The Multiple Sclerosis-Secondary Progressive Multi-Arm Randomization Trial (MS-SMART) is the first multiarm trial designed specifically to address the unmet need for further identification of neuroprotective drugs in secondary progressive multiple sclerosis.
The Multiple Sclerosis-Secondary Progressive Multi-Arm Randomization Trial (MS-SMART) is the first multiarm trial designed specifically to address the unmet need for further identification of neuroprotective drugs in secondary progressive multiple sclerosis (SPMS). In a recent publication, Connick et al describe the layout of the trial and the outcomes they will evaluate and release when the trial results are publicized.1
SPMS is a debilitating phase of multiple sclerosis (MS) associated with neurodegeneration and irreversible disability. Despite many drugs that are used to treat MS in the relapsing-remitting phase, there is a need for improvement in treating SPMS. MS-SMART assessed 3 drugs with potential therapeutic benefits in neuroprotection—fluoxetine, riluzole, and amiloride—using magnetic resonance brain atrophy measurements.
The phase 2B multiarm, double-blind, randomized, placebo-controlled MS-SMART trial is designed to verify whether fluoxetine, riluzole, or amiloride can slow down the rate of brain volume loss in SPMS over 96 weeks compared with placebo. A total of 440 patients were randomized in a 1:1:1:1 ratio to fluoxetine, riluzole, amiloride, or placebo. Magnetic resonance imaging (MRI) baseline scan was done at the start of the trial, with another MRI scan at week 24, and a final scan at week 96.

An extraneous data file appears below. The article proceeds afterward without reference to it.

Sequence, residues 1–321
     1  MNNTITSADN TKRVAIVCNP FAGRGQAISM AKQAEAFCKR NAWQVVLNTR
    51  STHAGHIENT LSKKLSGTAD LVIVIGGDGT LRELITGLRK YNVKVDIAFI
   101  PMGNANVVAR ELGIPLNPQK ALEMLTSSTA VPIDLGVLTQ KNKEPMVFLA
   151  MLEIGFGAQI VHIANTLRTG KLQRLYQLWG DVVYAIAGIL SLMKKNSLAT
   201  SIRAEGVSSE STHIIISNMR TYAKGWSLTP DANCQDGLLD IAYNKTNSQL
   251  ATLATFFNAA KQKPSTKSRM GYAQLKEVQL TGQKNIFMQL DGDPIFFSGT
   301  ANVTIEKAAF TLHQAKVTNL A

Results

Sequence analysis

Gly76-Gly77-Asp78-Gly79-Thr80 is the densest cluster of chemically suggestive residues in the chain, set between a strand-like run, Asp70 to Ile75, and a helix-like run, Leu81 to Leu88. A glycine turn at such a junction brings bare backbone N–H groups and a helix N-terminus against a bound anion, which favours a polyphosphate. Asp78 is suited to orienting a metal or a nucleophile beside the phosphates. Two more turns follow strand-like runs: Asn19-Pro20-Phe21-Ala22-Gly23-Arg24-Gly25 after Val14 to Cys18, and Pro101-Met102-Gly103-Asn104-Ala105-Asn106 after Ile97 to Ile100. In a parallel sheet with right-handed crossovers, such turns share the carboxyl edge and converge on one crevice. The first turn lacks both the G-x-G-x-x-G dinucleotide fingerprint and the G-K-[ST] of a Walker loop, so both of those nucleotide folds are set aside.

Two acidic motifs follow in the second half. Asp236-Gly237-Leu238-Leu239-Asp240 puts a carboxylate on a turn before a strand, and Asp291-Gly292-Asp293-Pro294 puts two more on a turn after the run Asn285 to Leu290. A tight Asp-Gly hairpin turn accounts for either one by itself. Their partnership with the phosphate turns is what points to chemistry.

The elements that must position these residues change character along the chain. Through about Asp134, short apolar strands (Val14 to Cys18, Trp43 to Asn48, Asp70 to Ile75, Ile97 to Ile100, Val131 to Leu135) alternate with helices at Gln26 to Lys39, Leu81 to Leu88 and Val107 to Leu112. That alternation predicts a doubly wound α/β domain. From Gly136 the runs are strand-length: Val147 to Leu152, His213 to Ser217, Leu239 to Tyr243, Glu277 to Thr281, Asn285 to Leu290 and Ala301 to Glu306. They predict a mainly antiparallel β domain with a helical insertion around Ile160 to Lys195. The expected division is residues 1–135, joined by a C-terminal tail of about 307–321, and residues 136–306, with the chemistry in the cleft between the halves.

For this trial, the investigators purposely selected fluoxetine, riluzole, and amiloride as the test drugs based on previous clinical trials. A potassium-sparing diuretic, amiloride has been shown to exhibit neuroprotective effects. In an open label single-arm trial, 14 patients with primary progressive MS had significant reductions in whole-brain atrophy rates.2
Fluoxetine, a serotonin selective reuptake inhibitor for depression, also has potential neuroprotective effects. A trial in progressive multiple sclerosis patients showed slower progression of disability measured by the 25-foot walk test and the 9-hole peg test.3 Riluzole, a glutamate antagonist, also showed beneficial changes associated with reduced lesion accumulation and brain atrophy.
In the current trial, dosing regimens were patient dependent. Patients started off on either amiloride 5 mg, fluoxetine 20 mg, riluzole 50 mg, or placebo once a day. After 4 weeks, patients received their respective drugs twice a day. Patients experiencing adverse events (AEs) were down-titrated to once a day and rechallenged 2 to 4 weeks later. Patients who still could not tolerate the drugs remained on a once a day regimen or stopped the medication all together. Evaluation of adherence was done through a pill count and patient diaries where the patient records the number of capsules taken.
AEs will be recorded in medical records by the patient. Progressive changes caused by disease progression will not be listed in the adverse reactions report. Potassium, sodium, and other electrolyte abnormalities will require suspension of drug until the electrolyte is normalized. If normalized, treatment can continue.
Creatinine, liver function tests, and hematology values will also be analyzed. Any irregularities that are not resolved or occur after rechallenge will lead to the study drug being discontinued. All patients will have an emergency card, indicating that they are enrolled in the trial, and what type of care they are receiving. Unblinding will occur if needed.
The MS-SMART started in December 2014 and is expected to have results towards the end of 2018 (NCT01910259). If any of the 3 drugs shows significant signs of neuroprotection benefits, a follow-up phase 3 trial will be conducted for definitive disability outcomes.